Photography courtesy Cheniere Energy


This photo shows the LNG carrier Asia Vision departing Cheniere Energy’s Sabine Pass liquefaction plant Feb. 24 with the facility’s first shipment of liquefied natural gas, marking the start of U.S. shale gas exports. This was also the first export of LNG from the lower 48 states ever. This first “commissioning cargo” to leave the Cameron Parish site was produced from its first liquefaction train; an additional five trains are in various stages of construction and development.


“This historic event opens a new chapter for the country in energy trade and is a significant milestone for Cheniere as we prepare Train 1 for commercial operations,” said Neal Shear, chairman of the board and interim chief executive officer of Cheniere Partners. “This accomplishment would not have been possible without many years of hard work by our employees, our construction partner, Bechtel, other contractors and thousands of workers at the Sabine Pass site.”


According to the classification society American Bureau of Shipping, the Asia Vision was built by Samsung Heavy Industries and delivered in 2014. The ship can carry 160,000 cubic meters of LNG in four Mark III LNG containment tanks from GTT. The vessel also carries the ABS Enviro+ notation, which denotes adherence to advanced standards for environmental protection. The Asia Vision is owned by the energy giant Chevron.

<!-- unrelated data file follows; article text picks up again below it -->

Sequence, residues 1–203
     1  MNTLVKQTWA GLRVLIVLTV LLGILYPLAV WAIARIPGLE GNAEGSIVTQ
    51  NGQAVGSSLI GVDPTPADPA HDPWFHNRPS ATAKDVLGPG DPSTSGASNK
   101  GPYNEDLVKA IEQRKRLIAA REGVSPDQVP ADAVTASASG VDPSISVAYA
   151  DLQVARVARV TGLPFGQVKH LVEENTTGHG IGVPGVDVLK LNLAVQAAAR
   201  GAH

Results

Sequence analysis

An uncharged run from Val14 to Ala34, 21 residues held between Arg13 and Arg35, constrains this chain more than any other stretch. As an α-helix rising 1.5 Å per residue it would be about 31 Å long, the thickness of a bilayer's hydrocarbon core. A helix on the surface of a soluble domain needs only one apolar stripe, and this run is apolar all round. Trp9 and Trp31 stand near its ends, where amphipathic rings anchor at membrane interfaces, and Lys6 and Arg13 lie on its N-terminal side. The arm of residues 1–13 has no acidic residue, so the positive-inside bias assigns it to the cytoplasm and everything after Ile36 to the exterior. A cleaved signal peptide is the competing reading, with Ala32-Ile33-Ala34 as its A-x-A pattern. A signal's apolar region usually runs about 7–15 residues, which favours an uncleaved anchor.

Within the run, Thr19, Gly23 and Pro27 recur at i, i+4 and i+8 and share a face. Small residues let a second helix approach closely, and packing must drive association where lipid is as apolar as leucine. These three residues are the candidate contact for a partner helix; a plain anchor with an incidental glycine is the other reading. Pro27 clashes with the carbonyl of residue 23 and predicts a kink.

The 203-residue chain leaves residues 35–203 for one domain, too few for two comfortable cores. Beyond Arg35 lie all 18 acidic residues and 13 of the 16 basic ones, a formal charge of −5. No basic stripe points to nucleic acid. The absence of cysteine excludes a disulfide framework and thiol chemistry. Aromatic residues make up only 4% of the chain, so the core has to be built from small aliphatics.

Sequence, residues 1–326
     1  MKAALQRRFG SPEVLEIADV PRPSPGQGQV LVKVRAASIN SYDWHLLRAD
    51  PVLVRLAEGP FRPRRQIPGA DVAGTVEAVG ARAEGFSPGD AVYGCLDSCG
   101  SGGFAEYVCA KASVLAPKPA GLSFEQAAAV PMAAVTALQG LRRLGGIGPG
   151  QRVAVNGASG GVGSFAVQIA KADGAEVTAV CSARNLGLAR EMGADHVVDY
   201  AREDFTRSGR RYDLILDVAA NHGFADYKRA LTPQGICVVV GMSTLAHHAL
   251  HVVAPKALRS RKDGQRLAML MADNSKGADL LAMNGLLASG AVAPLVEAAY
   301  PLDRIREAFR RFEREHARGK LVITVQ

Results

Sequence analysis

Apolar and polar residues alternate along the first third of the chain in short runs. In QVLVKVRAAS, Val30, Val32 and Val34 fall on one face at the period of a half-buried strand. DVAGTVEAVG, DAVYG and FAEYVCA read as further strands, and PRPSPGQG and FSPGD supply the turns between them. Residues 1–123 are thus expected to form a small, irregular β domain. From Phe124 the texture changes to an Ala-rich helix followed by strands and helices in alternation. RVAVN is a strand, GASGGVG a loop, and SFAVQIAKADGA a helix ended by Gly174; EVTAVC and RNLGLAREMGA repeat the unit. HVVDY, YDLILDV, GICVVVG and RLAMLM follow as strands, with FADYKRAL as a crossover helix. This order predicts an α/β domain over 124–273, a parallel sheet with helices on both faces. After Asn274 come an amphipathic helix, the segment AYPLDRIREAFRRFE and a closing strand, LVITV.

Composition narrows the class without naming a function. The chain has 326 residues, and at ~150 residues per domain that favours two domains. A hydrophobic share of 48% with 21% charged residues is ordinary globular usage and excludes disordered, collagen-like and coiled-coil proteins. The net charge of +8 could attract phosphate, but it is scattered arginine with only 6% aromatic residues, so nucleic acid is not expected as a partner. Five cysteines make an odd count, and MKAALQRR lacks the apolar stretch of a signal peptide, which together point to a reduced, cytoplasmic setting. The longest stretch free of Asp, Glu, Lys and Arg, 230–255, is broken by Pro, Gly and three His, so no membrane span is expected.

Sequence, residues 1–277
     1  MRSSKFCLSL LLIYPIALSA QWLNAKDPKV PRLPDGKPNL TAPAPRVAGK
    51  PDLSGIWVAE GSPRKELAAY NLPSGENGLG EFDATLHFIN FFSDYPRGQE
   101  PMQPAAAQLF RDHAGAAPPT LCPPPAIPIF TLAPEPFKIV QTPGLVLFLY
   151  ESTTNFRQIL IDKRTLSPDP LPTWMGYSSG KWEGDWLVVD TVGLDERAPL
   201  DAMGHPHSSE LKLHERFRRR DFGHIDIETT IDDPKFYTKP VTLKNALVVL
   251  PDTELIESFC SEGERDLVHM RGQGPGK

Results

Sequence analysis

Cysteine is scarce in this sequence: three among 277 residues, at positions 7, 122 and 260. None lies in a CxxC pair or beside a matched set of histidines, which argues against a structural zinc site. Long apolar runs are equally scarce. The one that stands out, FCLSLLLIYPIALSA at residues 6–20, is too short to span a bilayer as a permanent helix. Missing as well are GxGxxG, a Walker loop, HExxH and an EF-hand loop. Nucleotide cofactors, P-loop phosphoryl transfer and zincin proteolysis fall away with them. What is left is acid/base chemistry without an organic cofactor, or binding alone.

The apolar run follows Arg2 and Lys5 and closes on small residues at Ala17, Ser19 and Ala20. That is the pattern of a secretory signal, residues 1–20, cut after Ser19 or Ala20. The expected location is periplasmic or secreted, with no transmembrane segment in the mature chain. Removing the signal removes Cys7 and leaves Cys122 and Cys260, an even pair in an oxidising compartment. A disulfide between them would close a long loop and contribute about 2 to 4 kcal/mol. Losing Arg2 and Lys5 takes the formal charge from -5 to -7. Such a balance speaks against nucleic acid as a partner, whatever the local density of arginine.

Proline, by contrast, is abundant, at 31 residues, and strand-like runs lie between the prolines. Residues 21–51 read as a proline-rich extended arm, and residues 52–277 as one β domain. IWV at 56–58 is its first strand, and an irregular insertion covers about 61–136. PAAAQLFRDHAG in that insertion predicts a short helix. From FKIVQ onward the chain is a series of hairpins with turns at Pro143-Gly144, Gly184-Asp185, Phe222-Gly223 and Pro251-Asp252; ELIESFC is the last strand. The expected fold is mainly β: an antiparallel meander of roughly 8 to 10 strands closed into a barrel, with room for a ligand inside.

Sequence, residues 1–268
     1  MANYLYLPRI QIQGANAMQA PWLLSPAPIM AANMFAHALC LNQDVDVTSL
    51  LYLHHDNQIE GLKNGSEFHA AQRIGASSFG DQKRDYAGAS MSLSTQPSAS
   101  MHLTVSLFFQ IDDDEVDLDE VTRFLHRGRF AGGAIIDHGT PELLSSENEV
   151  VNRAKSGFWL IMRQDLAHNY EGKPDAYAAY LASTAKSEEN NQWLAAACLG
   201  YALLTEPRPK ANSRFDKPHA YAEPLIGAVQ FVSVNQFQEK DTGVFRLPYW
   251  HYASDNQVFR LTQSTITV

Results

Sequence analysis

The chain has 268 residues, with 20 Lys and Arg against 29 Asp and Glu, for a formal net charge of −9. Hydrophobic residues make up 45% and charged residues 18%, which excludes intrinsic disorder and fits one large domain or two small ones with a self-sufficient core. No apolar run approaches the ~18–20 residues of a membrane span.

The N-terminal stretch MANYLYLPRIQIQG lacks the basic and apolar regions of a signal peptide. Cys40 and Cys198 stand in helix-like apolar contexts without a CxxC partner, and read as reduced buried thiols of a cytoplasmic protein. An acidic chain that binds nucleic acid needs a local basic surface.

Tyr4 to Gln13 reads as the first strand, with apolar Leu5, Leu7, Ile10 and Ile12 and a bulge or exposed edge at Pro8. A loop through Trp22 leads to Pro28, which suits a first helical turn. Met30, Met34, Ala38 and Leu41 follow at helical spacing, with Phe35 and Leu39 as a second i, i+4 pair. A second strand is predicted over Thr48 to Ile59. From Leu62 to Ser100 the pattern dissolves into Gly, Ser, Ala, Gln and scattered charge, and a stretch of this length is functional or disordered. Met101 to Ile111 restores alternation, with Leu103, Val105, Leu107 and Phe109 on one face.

Brazil’s Petrobras received the Asia Vision shipment, which equaled about 96 million cubic meters of natural gas, at its regasification terminal in All Saints’ Bay, Bahia, the Brazilian giant said in a statement. Following regasification at the terminal in Bahia, the fuel will be pumped into Petrobras’ network of gas pipelines to supply Brazil’s domestic market, mainly for use in thermal power plants.


While the first Sabine Pass shipment was bound for Brazil, Gail India Ltd. bought the second shipment from the plant, making it the first Asian importer of U.S. shale gas, Bloomberg reported. The cargo left March 15 on board the LNG tanker Clean Ocean and was expected to be received at the Dabhol import terminal on India’s west coast by mid-April. Gail India is the country’s largest supplier of natural gas.


The third cargo from Sabine Pass was set to go to Brazil on the GasLog Salem later in March. On April 15, the Creole Spirit departed Sabine Pass bound for Portugal, according to Bloomberg, making it the sixth tanker hauling gas from the the terminal in six weeks. Cheniere planned to ship as many as eight cargoes of LNG from its Sabine Pass project by May, the Houston-based company said in a February notice to the Federal Energy Regulatory Commission.


Each liquefaction train at Sabine Pass is expected to have a nominal production capacity of approximately 4.5 million tonnes per annum (mtpa) of LNG. A subsidiary of Cheniere Partners has entered into six third-party LNG sale and purchase agreements (SPAs) that in the aggregate equate to approximately 19.75 mtpa of LNG and commence with the date of first commercial delivery of Trains 1 through 5.